Aaron would need to raise $30,000 for a CI cryosuspension, so please consider donating to the Venturists for his cryopreservation fund. (Mark Plus)
Aaron Winborn's story
My name is Aaron Winborn. I am a 45 year old web developer and author, and the father of 2 young girls, and our lives were upended last year when I received the devastating diagnosis of ALS, more frequently known as Lou Gehrig's disease. It all started in August of 2012, soon after the birth of our younger daughter, when I noticed that I had difficulty clipping my nails. At 1st, I thought it was the clippers, until I threw out that pair and tried another. I began to lose my grip strength, and I quickly developed weakness in my arms. I went 1st to a chiropractor, suspecting carpal tunnel syndrome. Things escalated from there, until I was sitting in the neurologist's office and listening to Dr. Simmons tell me that I had an incurable terminal illness, in which chances were even that I would be dead in 2 to 3 years. And even if I beat the odds and am one of the lucky 10% who go on to survive the decade, it will be in a locked-in state, completely paralyzed, like Stephen Hawking.
I have had a full life, full of adventures and exciting times. When I was 19, I lived in a monastic retreat center briefly, before living with and working for Elisabeth Kubler-Ross, the author of On Death and Dying. After that, I lived in a commune in England, where I helped to build a meeting house. Then back stateside, I worked in a corporate culture for a few years. After some soul-searching, I left that, and flirted with a few jobs, including waiting tables during the graveyard shift at IHOP, working in a garden nursery, and running a flight simulator for the Navy. When I learned about Sudbury schools, and a new school being built in North Carolina, I dropped everything and moved there to be part of its startup. That began a lifelong commitment to this Democratic, age mixed, non-coercive model of schooling, where I worked at another similar school in Connecticut. I also worked as a puppeteer in 2 different puppet theater companies. Somewhere in all of that, I lived for a few months in another monastery, and met soon after my lifelong partner, Gwen.
She changed my life. We had our 1st daughter, Ashlin, in 2003, and decided to move to a place closer to family, as we were both from the South. We chose Harrisburg, Pennsylvania, for The Circle School, so that Ashlin would be able to experience that model of schooling. Also about this time, I chose to work for Advomatic, as a web developer. In 2008, I wrote a technical book, Drupal Multimedia. Sabina was born in 2010, and has brought much joy to our lives. We do not regret her being with us, even though we would have chosen not to have her, had we known earlier about my upcoming diagnosis, and just how difficult that life was about to become.
As I said, I have had a full life, and I know that many might say that I should be content with that, and accept my upcoming death. I have even been told such by my primary care physician, whom I have since fired; I wrote about that on my blog at http://aaronwinborn....heaven-can-wait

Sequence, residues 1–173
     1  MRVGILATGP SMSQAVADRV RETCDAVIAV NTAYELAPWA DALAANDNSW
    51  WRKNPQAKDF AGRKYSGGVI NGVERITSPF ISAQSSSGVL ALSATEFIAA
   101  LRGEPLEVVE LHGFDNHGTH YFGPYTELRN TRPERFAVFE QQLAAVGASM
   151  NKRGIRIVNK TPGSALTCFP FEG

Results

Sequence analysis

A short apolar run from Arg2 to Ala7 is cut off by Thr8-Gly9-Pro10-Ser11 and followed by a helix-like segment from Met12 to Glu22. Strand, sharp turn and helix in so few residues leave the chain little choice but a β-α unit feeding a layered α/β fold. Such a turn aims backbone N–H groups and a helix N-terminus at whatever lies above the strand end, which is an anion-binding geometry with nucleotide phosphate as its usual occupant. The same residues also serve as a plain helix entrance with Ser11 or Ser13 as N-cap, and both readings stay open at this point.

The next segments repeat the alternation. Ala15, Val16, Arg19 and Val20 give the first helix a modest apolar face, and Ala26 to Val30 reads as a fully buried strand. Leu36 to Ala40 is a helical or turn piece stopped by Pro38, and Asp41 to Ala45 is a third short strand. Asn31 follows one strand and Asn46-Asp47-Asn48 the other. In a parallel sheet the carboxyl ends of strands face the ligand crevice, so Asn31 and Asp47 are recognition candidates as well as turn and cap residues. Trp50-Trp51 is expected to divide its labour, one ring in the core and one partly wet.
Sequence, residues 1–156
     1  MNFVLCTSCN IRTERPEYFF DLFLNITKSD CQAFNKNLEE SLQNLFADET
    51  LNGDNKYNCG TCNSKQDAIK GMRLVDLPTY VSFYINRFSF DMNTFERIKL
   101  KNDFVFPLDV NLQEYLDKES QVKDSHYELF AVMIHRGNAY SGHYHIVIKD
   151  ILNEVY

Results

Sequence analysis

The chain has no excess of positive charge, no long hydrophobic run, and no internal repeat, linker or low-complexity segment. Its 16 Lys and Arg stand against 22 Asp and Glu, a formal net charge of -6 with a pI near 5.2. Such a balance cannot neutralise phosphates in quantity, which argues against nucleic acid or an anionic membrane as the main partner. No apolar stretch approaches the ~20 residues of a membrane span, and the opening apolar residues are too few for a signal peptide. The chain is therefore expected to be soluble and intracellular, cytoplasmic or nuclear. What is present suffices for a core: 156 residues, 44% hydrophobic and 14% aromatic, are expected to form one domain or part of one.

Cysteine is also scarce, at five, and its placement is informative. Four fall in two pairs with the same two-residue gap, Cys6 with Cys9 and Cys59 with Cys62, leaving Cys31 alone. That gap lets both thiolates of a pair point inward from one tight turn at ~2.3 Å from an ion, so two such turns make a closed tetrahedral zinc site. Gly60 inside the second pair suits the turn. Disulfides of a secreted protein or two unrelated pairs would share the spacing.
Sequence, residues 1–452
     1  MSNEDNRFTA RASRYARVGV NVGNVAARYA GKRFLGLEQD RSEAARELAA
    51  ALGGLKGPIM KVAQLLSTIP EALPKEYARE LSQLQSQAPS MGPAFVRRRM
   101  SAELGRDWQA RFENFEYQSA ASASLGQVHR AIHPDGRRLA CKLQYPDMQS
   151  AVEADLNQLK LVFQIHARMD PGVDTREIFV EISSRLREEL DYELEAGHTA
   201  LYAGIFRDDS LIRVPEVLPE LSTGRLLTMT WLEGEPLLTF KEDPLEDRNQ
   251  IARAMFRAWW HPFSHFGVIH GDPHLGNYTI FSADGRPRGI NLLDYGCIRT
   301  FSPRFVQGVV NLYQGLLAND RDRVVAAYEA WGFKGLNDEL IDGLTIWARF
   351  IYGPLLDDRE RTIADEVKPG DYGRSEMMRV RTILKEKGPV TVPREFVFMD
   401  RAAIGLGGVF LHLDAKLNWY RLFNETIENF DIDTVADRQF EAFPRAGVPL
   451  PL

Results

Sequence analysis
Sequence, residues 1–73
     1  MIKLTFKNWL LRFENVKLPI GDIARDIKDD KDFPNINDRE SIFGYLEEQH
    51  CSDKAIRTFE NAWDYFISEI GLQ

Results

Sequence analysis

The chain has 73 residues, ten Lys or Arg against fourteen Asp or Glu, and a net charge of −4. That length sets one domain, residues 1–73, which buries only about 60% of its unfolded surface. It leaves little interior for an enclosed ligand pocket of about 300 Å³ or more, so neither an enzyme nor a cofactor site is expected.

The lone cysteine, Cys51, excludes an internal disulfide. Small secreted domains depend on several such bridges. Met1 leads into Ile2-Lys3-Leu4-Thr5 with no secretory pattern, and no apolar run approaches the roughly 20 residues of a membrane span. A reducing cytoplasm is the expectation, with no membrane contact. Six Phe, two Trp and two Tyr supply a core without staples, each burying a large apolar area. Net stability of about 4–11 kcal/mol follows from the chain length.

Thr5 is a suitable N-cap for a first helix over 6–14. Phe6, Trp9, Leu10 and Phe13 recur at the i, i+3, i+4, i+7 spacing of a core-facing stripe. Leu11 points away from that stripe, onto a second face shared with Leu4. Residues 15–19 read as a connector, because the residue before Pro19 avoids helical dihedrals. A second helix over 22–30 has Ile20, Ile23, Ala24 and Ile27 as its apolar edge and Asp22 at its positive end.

As you can guess, that is not option for me. I love life too much, and have too much to do still. At the same time, I need to be realistic, and make responsible choices. Currently, from society's perspective, my only available choices are to die sometime within the next year from respiratory failure, or get a tracheostomy and use invasive artificial ventilation, and most likely die within the next 5 to 8 years from pneumonia.
I do not accept either of those choices. It is not that I am afraid of death; to the contrary, I strongly believe that I am not afraid to die. Rather, I am saddened by the prospect.
My arms and hands are already paralyzed, and my breathing is severely compromised. I currently use DragonDictate to type on the computer, and as my voice begins to fail, I am switching to an eye gaze tracker. I am in a power wheelchair, and we have moved into an accessible home. Technology holds the only hope for a person with ALS, where medical science has all but given up. I look forward to a day when, even if we have not cured all diseases, at least we have tackled this, the living nightmare that no one should have to endure.
Thus, I come to this prestigious circle of like-minded people, asking you for help. Life insurance, the usual method for funding one's cryopreservation, is out of reach for me, with the diagnosis of a terminal illness. Likewise, it is not an option for me to self-fund it, both because of the current and upcoming medical expenses, and to ensure that my family is provided for after I have gone on. I have blogged about our financial situation at http://aaronwinborn....ial-needs-trust but it is out of date, as on top of all of our expenses, I am now applying for disability under Social Security, and Medicaid, which has rather severe restrictions on income and assets.
Thank you for considering my situation. I hope you find it in your hearts to help us out.
You can read more about amyotrophic lateral sclerosis (ALS), a.k.a. "Lou Gehrig's Disease, at this link.